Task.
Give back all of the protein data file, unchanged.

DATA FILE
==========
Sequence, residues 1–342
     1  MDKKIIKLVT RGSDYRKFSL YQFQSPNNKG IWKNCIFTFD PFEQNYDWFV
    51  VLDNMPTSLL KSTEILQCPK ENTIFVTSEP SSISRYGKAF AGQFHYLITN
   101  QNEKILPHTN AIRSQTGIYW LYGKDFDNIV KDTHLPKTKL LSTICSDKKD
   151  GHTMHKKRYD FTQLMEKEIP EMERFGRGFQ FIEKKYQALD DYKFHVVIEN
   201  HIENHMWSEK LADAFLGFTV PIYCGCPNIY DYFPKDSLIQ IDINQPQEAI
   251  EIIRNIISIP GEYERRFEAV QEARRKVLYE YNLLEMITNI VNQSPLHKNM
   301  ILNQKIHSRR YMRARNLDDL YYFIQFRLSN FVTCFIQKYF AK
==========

Sequence, residues 1–342
     1  MDKKIIKLVT RGSDYRKFSL YQFQSPNNKG IWKNCIFTFD PFEQNYDWFV
    51  VLDNMPTSLL KSTEILQCPK ENTIFVTSEP SSISRYGKAF AGQFHYLITN
   101  QNEKILPHTN AIRSQTGIYW LYGKDFDNIV KDTHLPKTKL LSTICSDKKD
   151  GHTMHKKRYD FTQLMEKEIP EMERFGRGFQ FIEKKYQALD DYKFHVVIEN
   201  HIENHMWSEK LADAFLGFTV PIYCGCPNIY DYFPKDSLIQ IDINQPQEAI
   251  EIIRNIISIP GEYERRFEAV QEARRKVLYE YNLLEMITNI VNQSPLHKNM
   301  ILNQKIHSRR YMRARNLDDL YYFIQFRLSN FVTCFIQKYF AK